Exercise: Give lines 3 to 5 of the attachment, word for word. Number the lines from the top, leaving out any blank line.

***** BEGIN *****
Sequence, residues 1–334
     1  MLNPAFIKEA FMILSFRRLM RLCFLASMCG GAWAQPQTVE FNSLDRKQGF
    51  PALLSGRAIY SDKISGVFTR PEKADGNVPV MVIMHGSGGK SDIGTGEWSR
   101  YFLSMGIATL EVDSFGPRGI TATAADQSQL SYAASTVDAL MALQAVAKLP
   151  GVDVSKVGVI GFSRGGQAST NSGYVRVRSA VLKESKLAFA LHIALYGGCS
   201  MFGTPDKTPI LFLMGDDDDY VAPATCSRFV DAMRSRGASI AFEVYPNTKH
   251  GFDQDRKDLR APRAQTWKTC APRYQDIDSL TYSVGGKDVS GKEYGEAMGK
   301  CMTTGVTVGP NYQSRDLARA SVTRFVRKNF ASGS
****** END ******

    51  PALLSGRAIY SDKISGVFTR PEKADGNVPV MVIMHGSGGK SDIGTGEWSR
   101  YFLSMGIATL EVDSFGPRGI TATAADQSQL SYAASTVDAL MALQAVAKLP
   151  GVDVSKVGVI GFSRGGQAST NSGYVRVRSA VLKESKLAFA LHIALYGGCS